Displays featuring weaponry, uniforms and the spartan lifestyle of soldiers during the War of 1812 are featured at a display at the Canadian Military Heritage Museum on Greenwich Street.
Tucked at the back of the museum, visitors enter a “fortification” smartly designed using weathered wooden posts discarded from a ginseng farm to find showcases filled with items that bring the long ago conflict to life.
“We wanted to make it look rustic,” said museum board chairman Rick Shaver.
Some items are reproductions, but others are genuine relics found by Shaver over the years during his explorations in the area of the 1814 battle of Malcolm’s Mills in Brant County, such as an American cutlass.
“The response has been unbelievable. We’re getting people coming from all over,” Shaver said.
The bicentennial of the War of 1812 has ramped up interest in the historical conflict and people are “starting to realize how important it was,” he said. That war was the turning point in Canada becoming Canada, he said.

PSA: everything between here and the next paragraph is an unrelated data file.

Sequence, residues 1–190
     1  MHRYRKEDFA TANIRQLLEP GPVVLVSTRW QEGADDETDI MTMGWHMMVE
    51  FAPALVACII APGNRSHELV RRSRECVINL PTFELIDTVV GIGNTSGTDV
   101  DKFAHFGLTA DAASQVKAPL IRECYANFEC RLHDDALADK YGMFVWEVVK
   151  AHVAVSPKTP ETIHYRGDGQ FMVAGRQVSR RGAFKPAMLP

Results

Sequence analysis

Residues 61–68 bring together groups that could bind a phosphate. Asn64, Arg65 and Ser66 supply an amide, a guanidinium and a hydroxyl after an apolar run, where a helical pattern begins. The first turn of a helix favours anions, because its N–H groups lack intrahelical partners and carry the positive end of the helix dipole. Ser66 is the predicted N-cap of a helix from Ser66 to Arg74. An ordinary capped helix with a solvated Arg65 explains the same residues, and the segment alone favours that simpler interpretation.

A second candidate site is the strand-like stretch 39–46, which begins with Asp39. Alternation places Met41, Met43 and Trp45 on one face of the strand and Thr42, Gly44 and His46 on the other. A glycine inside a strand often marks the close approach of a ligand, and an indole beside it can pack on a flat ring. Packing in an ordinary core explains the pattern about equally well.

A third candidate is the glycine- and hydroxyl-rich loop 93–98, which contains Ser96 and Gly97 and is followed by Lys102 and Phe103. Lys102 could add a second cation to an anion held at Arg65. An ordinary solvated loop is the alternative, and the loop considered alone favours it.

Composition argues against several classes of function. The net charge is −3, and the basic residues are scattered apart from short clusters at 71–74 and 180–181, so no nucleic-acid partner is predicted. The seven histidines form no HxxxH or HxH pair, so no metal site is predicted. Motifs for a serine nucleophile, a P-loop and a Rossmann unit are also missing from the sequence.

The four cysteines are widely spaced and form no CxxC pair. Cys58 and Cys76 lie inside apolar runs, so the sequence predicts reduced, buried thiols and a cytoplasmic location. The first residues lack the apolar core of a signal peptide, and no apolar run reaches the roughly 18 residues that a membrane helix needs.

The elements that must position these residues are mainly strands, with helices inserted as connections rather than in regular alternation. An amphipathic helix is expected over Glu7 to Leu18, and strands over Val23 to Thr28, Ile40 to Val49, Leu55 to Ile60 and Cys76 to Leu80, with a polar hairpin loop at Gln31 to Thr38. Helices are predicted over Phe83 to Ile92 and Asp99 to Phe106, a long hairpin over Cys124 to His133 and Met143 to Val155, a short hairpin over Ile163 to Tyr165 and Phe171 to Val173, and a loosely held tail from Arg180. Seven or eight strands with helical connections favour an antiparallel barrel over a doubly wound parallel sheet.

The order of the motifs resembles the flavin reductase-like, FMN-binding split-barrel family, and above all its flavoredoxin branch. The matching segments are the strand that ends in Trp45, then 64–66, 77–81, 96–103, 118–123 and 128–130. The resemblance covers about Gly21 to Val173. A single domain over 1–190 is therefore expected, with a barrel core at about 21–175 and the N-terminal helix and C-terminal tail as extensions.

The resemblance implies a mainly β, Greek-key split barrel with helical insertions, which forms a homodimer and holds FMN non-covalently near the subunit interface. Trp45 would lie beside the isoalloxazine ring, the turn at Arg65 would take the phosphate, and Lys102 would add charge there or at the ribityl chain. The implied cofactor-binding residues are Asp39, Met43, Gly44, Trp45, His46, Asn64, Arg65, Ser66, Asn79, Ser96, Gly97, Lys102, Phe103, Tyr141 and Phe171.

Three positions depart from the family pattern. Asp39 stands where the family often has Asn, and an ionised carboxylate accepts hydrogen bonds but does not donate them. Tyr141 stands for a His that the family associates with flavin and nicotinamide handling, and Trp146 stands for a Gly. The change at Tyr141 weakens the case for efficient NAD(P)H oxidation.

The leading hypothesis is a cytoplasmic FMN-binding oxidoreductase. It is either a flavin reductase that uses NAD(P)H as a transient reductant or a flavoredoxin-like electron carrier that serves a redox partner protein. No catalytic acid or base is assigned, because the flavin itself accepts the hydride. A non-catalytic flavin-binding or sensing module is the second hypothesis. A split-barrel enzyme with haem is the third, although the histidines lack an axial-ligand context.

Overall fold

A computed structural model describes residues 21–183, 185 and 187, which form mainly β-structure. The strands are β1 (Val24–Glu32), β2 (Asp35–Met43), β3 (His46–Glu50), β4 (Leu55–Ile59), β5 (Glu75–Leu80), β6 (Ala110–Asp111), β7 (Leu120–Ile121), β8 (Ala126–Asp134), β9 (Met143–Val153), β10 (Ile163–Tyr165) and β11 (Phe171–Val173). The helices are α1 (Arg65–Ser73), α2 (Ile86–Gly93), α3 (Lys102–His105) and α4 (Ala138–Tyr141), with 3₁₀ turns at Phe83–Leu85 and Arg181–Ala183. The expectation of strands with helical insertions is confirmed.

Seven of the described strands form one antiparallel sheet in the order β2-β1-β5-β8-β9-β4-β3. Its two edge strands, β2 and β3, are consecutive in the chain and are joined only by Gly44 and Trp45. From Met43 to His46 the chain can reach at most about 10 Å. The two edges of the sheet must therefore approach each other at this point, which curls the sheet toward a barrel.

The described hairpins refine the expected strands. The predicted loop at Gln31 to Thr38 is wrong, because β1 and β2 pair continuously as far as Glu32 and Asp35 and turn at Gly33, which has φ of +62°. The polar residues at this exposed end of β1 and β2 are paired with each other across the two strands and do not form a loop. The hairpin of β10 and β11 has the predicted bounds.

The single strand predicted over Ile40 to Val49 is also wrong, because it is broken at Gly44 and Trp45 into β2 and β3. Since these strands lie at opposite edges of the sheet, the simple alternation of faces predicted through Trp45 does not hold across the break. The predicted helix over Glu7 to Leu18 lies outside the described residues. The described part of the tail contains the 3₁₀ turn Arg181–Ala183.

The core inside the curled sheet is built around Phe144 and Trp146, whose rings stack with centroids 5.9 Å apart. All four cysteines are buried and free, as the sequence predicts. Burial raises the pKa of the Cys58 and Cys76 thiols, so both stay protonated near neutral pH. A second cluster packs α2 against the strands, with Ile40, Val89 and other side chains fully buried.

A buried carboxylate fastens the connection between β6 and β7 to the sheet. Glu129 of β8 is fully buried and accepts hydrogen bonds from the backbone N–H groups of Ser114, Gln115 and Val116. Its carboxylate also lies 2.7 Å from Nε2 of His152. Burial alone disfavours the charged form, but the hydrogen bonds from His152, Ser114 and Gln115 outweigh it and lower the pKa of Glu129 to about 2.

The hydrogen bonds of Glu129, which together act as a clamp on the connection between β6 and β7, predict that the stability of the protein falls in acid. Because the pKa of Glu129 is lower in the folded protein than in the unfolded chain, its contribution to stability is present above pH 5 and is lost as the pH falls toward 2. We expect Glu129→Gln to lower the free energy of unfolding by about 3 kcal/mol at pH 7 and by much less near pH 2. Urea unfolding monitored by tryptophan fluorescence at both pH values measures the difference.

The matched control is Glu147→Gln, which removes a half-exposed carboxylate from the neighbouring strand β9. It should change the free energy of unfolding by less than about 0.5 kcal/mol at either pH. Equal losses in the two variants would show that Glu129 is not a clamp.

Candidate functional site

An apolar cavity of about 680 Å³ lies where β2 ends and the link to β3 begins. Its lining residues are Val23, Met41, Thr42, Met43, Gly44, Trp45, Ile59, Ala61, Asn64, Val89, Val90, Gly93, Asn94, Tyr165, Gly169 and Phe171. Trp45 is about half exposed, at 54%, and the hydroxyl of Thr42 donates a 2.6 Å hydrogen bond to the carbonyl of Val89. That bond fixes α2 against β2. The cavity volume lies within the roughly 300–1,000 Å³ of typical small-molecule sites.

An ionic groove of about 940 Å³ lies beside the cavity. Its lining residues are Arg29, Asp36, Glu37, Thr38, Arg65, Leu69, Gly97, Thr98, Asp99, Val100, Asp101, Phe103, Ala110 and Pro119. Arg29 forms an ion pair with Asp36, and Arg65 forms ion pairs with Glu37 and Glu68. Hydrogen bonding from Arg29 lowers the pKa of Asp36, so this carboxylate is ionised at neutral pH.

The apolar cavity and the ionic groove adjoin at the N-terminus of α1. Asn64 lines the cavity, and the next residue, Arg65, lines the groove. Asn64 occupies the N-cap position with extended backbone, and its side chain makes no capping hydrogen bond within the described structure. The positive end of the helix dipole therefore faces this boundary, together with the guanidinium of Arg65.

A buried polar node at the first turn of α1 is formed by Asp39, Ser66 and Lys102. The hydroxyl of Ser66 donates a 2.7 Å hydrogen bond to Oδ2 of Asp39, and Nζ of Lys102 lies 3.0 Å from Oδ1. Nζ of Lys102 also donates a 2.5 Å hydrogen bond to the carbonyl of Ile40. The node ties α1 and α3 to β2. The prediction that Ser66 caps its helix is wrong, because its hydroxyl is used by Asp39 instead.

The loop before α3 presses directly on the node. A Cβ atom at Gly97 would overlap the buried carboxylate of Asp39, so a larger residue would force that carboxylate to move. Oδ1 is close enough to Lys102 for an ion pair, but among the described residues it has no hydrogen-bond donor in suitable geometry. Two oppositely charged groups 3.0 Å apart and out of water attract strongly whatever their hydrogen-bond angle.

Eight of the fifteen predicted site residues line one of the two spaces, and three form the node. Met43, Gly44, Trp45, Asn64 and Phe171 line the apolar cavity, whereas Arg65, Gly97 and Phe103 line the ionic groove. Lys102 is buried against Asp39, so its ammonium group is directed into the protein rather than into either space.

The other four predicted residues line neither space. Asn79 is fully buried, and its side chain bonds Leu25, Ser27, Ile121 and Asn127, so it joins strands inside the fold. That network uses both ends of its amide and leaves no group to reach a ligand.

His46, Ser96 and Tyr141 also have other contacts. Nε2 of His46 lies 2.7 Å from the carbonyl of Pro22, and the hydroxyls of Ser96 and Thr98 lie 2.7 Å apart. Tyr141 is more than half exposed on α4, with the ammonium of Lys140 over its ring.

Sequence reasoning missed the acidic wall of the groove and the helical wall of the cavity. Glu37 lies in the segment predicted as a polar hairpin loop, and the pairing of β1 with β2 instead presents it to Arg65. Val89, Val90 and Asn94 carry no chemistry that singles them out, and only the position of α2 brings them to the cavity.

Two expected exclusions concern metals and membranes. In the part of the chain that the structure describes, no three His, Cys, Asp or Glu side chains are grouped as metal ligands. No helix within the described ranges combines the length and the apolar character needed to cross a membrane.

Display cases feature battlefield and encampment finds, such as musket balls and a powder horn, as well as offer a glimpse of the daily life of soldiers of the time including playing cards, dice games, musical instruments and eating utensils.
Weaponry from the era include a variety of swords and cutlasses, pistols, a Brown Bess musket and a blunderbuss. Also on display are a number of reproduction uniforms of British and American military groups.
Shaver and museum board member Brian Studier spent five years planning the exhibit.
A separate section in the museum offers even more information about the war, filled with maps and documentation on the conflict.
The museum also developed a colouring and cut-out history book for kids that documents events of the War of 1812. The book is available at the museum for $5.
The War of 1812 exhibit will run for two years.
The museum is open Tuesdays through Sundays from 10 a.m. to 4 p.m.